The key to it all, I reckon, is to be wary of any person paying too close attention to you, while indulging in blanket flattery. If this is not a romantic relationship apply the brakes at once. It’s important to understand that you don’t have to reciprocate. This is neither unfriendly or cruel. The faux enabler will soon find a new target.

Genuine enablers are usually more discerning and are able to step back into their own lives. Anyone who offers to back you up without such discernment doesn’t actually have your best interests at heart. Deep down what they want is to keep you tied to them.

Manipulation is quite an art, and I’m currently reading an interesting novel called, based on a true story, by Delphine de Vigan. Being fiction (and a thriller at that) it is an extreme and ultimately violent example – but the patterns of faux enablement are spot on.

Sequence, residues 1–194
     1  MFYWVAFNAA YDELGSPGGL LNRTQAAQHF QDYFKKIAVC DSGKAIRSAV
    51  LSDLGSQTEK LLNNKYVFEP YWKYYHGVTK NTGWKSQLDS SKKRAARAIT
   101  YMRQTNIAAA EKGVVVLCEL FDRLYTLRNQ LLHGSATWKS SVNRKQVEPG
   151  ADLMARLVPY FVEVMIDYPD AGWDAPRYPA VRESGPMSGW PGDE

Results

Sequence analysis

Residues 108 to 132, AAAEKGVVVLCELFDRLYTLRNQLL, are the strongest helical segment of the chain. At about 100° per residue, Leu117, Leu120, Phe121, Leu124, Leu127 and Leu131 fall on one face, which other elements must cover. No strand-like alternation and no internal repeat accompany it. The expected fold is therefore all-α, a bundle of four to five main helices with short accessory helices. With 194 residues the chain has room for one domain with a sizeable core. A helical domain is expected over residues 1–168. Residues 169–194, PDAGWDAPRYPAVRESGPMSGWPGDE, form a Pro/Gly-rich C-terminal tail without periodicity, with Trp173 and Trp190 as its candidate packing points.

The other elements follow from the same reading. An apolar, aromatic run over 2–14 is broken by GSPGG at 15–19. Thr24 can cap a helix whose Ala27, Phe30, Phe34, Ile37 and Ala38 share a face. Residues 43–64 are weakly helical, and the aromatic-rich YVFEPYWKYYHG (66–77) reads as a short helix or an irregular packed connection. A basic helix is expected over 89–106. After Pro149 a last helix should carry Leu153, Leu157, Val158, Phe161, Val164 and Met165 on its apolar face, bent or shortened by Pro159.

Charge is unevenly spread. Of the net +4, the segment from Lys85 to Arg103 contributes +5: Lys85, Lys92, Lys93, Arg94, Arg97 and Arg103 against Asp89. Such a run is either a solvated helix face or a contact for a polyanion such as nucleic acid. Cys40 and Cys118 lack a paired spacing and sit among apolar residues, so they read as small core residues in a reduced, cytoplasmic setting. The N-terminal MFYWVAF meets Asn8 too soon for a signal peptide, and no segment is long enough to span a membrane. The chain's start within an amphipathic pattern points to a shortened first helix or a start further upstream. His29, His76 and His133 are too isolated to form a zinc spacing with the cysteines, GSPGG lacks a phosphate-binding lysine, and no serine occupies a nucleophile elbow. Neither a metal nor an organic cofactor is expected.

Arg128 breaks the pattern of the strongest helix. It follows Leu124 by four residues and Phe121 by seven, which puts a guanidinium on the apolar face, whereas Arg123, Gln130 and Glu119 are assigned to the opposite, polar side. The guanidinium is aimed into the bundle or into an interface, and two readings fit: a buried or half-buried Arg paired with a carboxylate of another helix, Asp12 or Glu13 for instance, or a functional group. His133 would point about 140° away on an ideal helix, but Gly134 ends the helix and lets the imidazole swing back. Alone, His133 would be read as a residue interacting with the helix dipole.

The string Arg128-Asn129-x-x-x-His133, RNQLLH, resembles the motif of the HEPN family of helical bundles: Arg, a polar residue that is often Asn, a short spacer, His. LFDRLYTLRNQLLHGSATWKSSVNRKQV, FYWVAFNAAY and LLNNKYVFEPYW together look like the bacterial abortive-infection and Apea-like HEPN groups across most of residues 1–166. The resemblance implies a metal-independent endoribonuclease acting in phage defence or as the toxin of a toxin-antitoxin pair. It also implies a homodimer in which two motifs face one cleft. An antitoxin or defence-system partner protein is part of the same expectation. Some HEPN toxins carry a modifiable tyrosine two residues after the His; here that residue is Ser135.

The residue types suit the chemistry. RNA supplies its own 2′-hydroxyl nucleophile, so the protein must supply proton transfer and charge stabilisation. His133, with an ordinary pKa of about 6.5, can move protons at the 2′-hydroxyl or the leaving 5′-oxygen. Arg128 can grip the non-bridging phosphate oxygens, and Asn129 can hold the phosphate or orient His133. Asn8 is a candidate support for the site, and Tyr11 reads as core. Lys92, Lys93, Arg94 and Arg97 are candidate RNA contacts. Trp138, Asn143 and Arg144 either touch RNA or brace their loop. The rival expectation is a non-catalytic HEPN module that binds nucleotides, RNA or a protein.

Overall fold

It plots the trajectory of a relationship which ultimately serves to immobilise and almost destroy the first person narrator. Delphine plays with what she calls “the Real” in her fiction – the book is perhaps autobiographical to a point, but she deconstructs the form as the novel progresses – and you never quite know where the boundaries lie. I was intrigued by this conceit.

In choosing this book, I was conscious of looking for further confirmation of my thinking  on this subject (novelists can be so observationally wise).

It’s perhaps important to conclude with the view that faux enablers are not necessarily ‘bad people’ per se. They may have good intentions which are simply maladaptive. This is tricky, because the truly malicious person may be easier to discern and disengage from. In the end it doesn’t really matter – the only thing which does matter is you. Withdrawing from a toxic relationship is more important than being able to make a judgement on another person’s motivations, in terms of survival this is irrelevant information.

Owning our vulnerabilities and self-safeguarding come together, in my view. There is no way around this, but knowing it brings greater fortitude where social manipulation is concerned. Such wisdom is hard won and worth holding on to despite the pain of understanding that we may be susceptible to being played.